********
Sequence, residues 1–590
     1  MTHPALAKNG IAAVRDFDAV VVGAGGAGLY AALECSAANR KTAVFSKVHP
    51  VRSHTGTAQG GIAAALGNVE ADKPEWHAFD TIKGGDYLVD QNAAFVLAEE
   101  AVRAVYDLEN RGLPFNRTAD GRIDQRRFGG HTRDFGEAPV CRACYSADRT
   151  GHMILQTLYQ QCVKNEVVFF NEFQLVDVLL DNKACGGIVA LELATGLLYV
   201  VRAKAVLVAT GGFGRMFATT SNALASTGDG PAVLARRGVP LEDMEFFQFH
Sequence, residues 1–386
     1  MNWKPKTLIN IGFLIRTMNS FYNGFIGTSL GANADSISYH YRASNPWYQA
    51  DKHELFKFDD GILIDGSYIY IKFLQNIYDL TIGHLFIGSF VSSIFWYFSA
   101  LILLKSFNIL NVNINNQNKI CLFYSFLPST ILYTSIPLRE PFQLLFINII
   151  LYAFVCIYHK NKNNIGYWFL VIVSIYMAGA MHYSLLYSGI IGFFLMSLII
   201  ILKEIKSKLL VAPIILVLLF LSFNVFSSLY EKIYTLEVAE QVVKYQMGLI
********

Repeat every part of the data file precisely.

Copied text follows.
Sequence, residues 1–590
     1  MTHPALAKNG IAAVRDFDAV VVGAGGAGLY AALECSAANR KTAVFSKVHP
    51  VRSHTGTAQG GIAAALGNVE ADKPEWHAFD TIKGGDYLVD QNAAFVLAEE
   101  AVRAVYDLEN RGLPFNRTAD GRIDQRRFGG HTRDFGEAPV CRACYSADRT
   151  GHMILQTLYQ QCVKNEVVFF NEFQLVDVLL DNKACGGIVA LELATGLLYV
   201  VRAKAVLVAT GGFGRMFATT SNALASTGDG PAVLARRGVP LEDMEFFQFH
Sequence, residues 1–386
     1  MNWKPKTLIN IGFLIRTMNS FYNGFIGTSL GANADSISYH YRASNPWYQA
    51  DKHELFKFDD GILIDGSYIY IKFLQNIYDL TIGHLFIGSF VSSIFWYFSA
   101  LILLKSFNIL NVNINNQNKI CLFYSFLPST ILYTSIPLRE PFQLLFINII
   151  LYAFVCIYHK NKNNIGYWFL VIVSIYMAGA MHYSLLYSGI IGFFLMSLII
   201  ILKEIKSKLL VAPIILVLLF LSFNVFSSLY EKIYTLEVAE QVVKYQMGLI